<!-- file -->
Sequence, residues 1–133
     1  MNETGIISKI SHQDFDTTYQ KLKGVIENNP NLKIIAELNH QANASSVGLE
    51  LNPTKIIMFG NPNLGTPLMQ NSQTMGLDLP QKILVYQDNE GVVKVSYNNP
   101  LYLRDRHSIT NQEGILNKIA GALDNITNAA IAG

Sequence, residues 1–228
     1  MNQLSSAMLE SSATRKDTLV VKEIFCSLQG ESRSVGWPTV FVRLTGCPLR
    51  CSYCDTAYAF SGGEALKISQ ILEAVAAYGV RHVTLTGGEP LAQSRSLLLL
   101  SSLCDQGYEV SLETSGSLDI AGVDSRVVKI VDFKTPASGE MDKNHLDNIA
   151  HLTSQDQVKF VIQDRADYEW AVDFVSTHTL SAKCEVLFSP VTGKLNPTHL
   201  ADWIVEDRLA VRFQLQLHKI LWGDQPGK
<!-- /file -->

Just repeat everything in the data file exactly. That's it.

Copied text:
Sequence, residues 1–133
     1  MNETGIISKI SHQDFDTTYQ KLKGVIENNP NLKIIAELNH QANASSVGLE
    51  LNPTKIIMFG NPNLGTPLMQ NSQTMGLDLP QKILVYQDNE GVVKVSYNNP
   101  LYLRDRHSIT NQEGILNKIA GALDNITNAA IAG

Sequence, residues 1–228
     1  MNQLSSAMLE SSATRKDTLV VKEIFCSLQG ESRSVGWPTV FVRLTGCPLR
    51  CSYCDTAYAF SGGEALKISQ ILEAVAAYGV RHVTLTGGEP LAQSRSLLLL
   101  SSLCDQGYEV SLETSGSLDI AGVDSRVVKI VDFKTPASGE MDKNHLDNIA
   151  HLTSQDQVKF VIQDRADYEW AVDFVSTHTL SAKCEVLFSP VTGKLNPTHL
   201  ADWIVEDRLA VRFQLQLHKI LWGDQPGK